Dunsmuir city worker Tony Congi returned a Dunsmuir High School class ring Monday to fellow alumni Jesse Mattos, who said he lost it when to took it off to wash his hands on day at work 72 years ago. “It was in late 1938 or early ’39,” recalled 91-year-old Mattos over the phone Monday. “My hands were greasy. I took it off and put it on the toilet and it most have got knocked in.”

Dunsmuir city worker Tony Congi returned a Dunsmuir High School class ring Monday to fellow alumni Jesse Mattos, who said he lost it when to took it off to wash his hands on day at work 72 years ago. “It was in late 1938 or early ’39,” recalled 91-year-old Mattos over the phone Monday. “My hands were greasy. I took it off and put it on the toilet and it most have got knocked in.”

Mattos worked at the old Public Market, where townsfolk bought their meat back in pre-WWII days, back when Dunsmuir Avenue was known as Florence, and the entrance to the Weed Hotel was on Sacramento Avenue. The meat market was located two doors north of the hotel on Florence.

Shortly thereafter, he left town to enlist in the military. Mattos never returned to Dunsmuir.

Congi remembers finding the gold ring some time last month while performing routine sewer maintenance on a main near Butterfly. “It’s a major trunk line,” he said. “We were pulling out a lot of debris.”

He recalls they were scooping out rocks and broken bits of pipe in buckets, when he spotted atop one the band of the gold ring stuck face down in muck. He thought it was more of the cheap costume jewelry they often find cleaning while the sewer.

But he soon saw differently. “I had a stone, and you could see the initial D, for Dunsmuir. I saw the date on the side, 1938.” Inside the band he could make an engraved letters, J.T.M.

“So that lead me to the high school up there to get the annual,” he said. “Luckily, the very first person I found was Jesse Taylor Mattos. Nobody else had those initials.”

“What made it really easier was there was a classmate still in town, Jack Stevens. So I went to him.”

Congi, class of ’76, said that when he contacted the local member from the class of 1938, Stevens stated, “I know the name, I know the man, I have the number.”

Congi also said that when he called Mattos at his home in Vallejo and told him he had found the ring during routine sewer maintenance, the old man laughed, “It doesn’t sound like you were doing much maintenance since 1939!”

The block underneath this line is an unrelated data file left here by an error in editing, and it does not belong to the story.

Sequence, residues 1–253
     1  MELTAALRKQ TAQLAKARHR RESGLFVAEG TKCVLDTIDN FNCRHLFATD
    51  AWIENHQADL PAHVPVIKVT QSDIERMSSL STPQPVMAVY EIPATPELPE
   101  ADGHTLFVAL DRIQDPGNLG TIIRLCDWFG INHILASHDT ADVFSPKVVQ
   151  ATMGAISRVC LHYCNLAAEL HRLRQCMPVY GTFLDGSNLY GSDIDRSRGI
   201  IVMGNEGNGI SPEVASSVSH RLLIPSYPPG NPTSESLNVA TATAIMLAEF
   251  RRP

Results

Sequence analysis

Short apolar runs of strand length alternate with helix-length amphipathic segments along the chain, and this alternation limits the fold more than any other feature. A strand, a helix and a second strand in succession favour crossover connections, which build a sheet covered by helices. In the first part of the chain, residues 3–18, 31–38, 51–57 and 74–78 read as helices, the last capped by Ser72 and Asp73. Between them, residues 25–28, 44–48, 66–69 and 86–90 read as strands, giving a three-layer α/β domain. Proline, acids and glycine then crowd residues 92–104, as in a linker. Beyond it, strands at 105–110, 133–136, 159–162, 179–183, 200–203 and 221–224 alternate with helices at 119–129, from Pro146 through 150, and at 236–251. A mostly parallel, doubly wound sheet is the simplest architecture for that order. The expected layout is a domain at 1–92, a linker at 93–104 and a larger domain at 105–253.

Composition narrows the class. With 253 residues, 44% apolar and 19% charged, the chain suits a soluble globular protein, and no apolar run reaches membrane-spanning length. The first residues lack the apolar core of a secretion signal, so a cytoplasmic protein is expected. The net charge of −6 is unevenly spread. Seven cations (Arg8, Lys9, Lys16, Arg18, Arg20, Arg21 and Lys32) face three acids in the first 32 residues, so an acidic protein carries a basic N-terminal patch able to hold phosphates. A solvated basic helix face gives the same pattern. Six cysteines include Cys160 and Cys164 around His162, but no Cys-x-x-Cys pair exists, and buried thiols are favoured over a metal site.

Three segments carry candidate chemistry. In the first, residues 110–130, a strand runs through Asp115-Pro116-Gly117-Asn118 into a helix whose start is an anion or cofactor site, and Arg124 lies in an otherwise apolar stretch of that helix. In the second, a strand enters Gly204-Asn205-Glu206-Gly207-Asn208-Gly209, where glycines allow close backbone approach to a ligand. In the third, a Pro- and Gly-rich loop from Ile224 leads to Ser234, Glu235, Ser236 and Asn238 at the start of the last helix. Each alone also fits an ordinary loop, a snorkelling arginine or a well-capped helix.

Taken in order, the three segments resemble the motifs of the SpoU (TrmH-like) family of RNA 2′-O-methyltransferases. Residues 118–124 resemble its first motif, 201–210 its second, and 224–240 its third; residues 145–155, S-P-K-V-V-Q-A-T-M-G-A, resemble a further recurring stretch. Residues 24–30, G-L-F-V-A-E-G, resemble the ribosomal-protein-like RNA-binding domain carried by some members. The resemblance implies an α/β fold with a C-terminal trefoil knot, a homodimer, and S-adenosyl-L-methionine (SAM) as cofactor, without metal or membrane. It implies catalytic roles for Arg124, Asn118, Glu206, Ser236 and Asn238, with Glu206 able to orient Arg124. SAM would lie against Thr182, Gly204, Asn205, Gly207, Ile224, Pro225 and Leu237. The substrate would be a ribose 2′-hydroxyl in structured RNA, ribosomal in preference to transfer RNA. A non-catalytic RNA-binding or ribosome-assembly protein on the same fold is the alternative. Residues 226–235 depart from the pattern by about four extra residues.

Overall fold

Congi explained that the equipment they use to clean the sewer these days reaches much further into the pipes than that of days gone by. He described their modern rig as a high-pressure water injection system that flushes out a lot of debris.
“That ring was probably hung up in a joint all this time,” he guessed.

Mattos said after Congi delivered the ring Monday, “What’s really surprising about all this is someone finding an old ring would probably keep it or give it to his kids. He took the trouble to look me up. He cleaned it up real good too. It looks brand new!”

He said that when he received the call from Congi, he found it hard to believe. “It’s a fantastic story,” he said. “I must have told it a hundred times.”

Congi said he found it interesting that Mattos lost his ring while washing up after working in the meat department, and was found so many years later by himself, a butcher. He also discovered while talking with Mattos Monday that in his younger days Congi lived next door to Mattos' sister, whose name is commemorated by the Marie Glover memorial dogwood tree on Pine Street.

Congi said that delivering the ring to its owner was no problem at all, since he was visiting his brother in Napa for Easter weekend anyway, and Mattos lived only 10 miles from there.

“I really wanted to meet him,” he said. “I like the idea of passing on history.”